Kleptocratic Adaptation: Anticipating the Next Stage in the Battle Against Transnational Kleptocracy

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In the wake of Russia’s 2022 invasion of Ukraine, kleptocrats are increasingly weaponizing corrupt networks, relying on opaque shell companies, and turning to professional enabling services to allow them to continue their theft. They are able to loot and protect their stolen assets despite recent restrictions placed on them. As authoritarian actors adapt to the changing landscape, democracies must elevate the issue of fighting kleptocracy to other pressing national security threats and adapt accordingly. 

In a new International Forum report, Matthew T. Page and Jodi Vittori argue that kleptocracy must figure more prominently in democracies’ foreign and domestic policymaking strategies. 

On Friday, January 20th, the International Forum hosted a virtual event and report release with authors Matthew T. Page and Jodi Vittori, with additional commentary by Larry Diamond. Please click here to view the event recording.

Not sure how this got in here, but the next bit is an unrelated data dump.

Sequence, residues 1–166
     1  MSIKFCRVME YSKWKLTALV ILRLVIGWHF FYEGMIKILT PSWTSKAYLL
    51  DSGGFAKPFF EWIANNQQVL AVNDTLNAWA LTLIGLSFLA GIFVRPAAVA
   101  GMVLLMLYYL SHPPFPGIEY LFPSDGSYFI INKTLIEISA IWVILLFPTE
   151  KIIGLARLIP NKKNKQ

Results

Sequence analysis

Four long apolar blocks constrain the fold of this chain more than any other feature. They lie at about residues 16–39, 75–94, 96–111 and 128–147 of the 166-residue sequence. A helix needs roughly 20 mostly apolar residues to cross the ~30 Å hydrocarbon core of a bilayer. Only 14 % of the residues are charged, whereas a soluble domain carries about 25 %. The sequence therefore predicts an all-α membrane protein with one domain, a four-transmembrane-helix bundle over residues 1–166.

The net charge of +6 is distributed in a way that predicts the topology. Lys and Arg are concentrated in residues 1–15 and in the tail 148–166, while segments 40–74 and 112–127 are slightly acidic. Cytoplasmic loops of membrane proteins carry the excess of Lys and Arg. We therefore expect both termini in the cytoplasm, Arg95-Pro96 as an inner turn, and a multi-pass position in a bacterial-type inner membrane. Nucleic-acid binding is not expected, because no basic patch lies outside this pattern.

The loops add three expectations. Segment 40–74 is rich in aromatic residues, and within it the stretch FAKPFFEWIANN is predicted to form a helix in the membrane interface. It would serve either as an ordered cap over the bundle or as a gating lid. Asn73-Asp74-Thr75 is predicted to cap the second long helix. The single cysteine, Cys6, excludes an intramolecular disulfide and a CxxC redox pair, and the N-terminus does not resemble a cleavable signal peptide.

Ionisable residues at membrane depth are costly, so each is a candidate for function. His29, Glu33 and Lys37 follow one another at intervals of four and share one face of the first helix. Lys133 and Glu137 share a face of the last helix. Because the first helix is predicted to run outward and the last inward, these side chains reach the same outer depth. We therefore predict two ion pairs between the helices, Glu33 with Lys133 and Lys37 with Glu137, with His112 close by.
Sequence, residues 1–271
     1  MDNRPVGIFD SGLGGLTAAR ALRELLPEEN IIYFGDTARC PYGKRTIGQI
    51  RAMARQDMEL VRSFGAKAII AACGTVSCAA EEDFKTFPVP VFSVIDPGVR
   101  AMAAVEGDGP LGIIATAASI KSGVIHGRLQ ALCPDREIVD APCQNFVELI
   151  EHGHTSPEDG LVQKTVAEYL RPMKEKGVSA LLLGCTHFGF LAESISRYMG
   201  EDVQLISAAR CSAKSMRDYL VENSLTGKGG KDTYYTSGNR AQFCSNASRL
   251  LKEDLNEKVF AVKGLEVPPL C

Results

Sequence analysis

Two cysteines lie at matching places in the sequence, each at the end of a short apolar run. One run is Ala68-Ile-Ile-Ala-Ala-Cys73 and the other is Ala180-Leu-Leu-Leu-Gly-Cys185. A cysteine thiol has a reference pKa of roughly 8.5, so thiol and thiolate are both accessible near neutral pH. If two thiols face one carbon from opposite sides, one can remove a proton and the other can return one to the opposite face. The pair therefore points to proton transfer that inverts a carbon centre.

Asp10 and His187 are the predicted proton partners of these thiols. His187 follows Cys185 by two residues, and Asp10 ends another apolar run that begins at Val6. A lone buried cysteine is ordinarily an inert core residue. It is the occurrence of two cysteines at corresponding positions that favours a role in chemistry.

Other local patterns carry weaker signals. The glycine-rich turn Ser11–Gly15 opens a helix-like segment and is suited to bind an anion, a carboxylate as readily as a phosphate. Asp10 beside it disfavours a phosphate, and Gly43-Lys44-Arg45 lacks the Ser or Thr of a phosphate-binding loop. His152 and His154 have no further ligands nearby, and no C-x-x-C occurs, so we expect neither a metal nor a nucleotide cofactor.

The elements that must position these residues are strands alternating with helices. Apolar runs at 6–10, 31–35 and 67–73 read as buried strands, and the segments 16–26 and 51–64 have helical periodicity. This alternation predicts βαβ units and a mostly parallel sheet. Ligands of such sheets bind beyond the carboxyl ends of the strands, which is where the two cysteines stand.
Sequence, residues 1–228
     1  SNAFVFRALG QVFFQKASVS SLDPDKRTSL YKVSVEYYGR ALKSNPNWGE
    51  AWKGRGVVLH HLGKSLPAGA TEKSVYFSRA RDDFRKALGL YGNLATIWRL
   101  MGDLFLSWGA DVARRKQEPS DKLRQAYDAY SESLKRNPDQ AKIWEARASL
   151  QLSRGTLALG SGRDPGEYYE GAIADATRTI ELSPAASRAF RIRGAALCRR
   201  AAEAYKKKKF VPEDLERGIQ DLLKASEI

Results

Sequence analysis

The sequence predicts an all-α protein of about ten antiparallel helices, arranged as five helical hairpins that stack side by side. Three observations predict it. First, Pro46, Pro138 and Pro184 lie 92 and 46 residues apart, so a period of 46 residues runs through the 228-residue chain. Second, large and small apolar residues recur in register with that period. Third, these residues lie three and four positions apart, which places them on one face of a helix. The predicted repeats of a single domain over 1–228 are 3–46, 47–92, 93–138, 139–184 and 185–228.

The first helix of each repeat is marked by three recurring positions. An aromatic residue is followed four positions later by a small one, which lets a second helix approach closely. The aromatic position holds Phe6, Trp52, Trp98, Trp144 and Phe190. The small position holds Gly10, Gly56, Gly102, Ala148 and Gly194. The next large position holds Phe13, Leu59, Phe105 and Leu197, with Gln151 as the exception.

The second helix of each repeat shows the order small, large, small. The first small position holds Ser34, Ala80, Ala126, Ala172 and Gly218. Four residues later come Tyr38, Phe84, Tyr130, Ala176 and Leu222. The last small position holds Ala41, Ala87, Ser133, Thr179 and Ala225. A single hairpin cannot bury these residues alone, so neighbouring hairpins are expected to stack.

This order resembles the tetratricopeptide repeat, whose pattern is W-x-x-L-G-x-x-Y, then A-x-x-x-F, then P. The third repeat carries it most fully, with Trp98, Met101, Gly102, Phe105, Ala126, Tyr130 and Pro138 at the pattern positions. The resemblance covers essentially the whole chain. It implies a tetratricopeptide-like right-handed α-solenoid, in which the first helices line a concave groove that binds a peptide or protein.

Executive Summary

Russia’s invasion of Ukraine has focused democracies’ attention on the overarching threat posed by kleptocratic networks, creating an opportunity to push back against them. Democracies initially reacted with remarkable speed and unity to sanction Russian oligarchs, freeze their assets, and introduce legislation to close opportunities for kleptocratic influence within democratic institutions. Despite the growing recognition of the fundamental threat posed by kleptocracy to democratic governance, accountability, and security, it is no longer clear that the democracies will sustain the momentum and shoulder the resolve to truly tackle transnational kleptocracy—especially as kleptocrats themselves adapt to changing circumstances. 

Though often treated as a niche policy concern, rather than a strategic national security interest, the authors of this paper argue that kleptocracy must figure more prominently in democracies’ foreign and domestic policymaking calculus. Resilient and adaptable, transnational kleptocracy is on par with strategic threats democracies have faced before.